Dr. stef shuster wins the Donald W. Light Award for Applied or Public Practice of Medical Sociology

August 3, 2021 - Karessa Weir

MSU Sociology Assistant Professor stef shuster's article "Performing Informed Consent in Transgender Medicine," published in Social Science & Medicine, has received the 2021 Donald W. Light Award for applied medical sociology from the American Sociological Association Medical Sociology section.

stef shusterThe Donald W. Light Award for the Applied or Public Practice of Medical Sociology is given in alternate years to a book or journal article published in the preceding two years that employs the concepts and methods of medical sociology to an applied issue or problem of significance. 

From the Medical Sociology newsletter: 

"Performing Informed Consent in Transgender Medicine" examines a significant problem in medical decision-making by showing how providers of transgender medicine bring bias into the clinical encounter. The article cogently reveals the ways physicians respond to an area of uncertainty in medicine, by invoking authority and discounting the legitimacy of their patients' claims. Dr. shuster carried out in-depth interviews with 23 physical and mental healthcare providers and observations at transgender-specific healthcare conferences between 2012 and 2015. Committee members had high praise for the author's nuanced exploration for the reproduction of social inequalities. As such, it represents an important contribution to understanding the development of medical practice in an emerging, contested area of care that has ethical dimensions and practical public policy implications. This work clearly "contributes to politically or ethically important challenges in health, health care or health care policy at the national or international level."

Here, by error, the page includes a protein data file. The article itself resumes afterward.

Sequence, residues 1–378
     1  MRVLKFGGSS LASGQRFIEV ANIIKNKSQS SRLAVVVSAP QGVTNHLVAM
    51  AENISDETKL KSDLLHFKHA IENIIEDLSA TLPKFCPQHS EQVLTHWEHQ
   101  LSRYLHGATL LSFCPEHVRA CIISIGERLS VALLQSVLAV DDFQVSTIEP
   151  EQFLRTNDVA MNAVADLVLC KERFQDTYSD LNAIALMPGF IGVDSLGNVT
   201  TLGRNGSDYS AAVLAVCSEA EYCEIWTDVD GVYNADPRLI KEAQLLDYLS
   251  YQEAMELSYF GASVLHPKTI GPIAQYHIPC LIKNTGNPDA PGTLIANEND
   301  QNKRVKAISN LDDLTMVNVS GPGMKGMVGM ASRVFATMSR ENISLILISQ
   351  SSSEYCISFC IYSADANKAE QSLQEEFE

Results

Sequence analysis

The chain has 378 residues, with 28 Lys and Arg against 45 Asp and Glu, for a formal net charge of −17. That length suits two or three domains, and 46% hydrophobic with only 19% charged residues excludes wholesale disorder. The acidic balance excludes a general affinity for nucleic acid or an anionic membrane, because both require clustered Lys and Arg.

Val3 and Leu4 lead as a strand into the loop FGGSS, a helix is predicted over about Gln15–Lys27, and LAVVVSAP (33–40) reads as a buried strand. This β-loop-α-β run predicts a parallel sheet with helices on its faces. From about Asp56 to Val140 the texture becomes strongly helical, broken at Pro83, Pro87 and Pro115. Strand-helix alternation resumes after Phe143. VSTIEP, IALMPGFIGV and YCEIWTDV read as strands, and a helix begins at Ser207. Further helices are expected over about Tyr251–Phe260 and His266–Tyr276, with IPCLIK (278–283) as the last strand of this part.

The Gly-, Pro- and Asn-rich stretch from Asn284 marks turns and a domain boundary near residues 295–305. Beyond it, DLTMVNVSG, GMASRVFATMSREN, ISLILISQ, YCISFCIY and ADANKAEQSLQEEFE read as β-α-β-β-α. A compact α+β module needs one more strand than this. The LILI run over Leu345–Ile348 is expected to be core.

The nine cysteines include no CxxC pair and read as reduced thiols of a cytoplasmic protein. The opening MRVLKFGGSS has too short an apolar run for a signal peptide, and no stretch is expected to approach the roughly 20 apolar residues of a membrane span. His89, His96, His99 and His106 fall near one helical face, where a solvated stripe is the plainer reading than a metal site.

Dr. shuster is an assistant professor in Lyman Briggs College and the Department of Sociology. They earned their Ph.D. in Sociology from the University of Iowa, with a certificate in Gender Studies, and their B.A. in Sociology from Indiana University, Bloomington.

Their current research and teaching areas are united by an overarching interest in how evidence is a social artifact that is constituted through social, cultural, and historical contexts. Across their projects, shuster asks: who constructs evidence, how does evidence confer authority to individuals and groups, and how is it mobilized by social actors? These dimensions of evidence are a centralized feature of shuster’s scholarship in three domains including how: 1) medical providers negotiate evidence to make medical decisions within uncertain terrains; 2) social movement actors use evidence to make claims about social issues; and 3) language is used in interaction to regulate subjugated groups.

Dr. shuster currently serves on the editorial boards for the Journal of Health and Social Behavior and Gender & Society.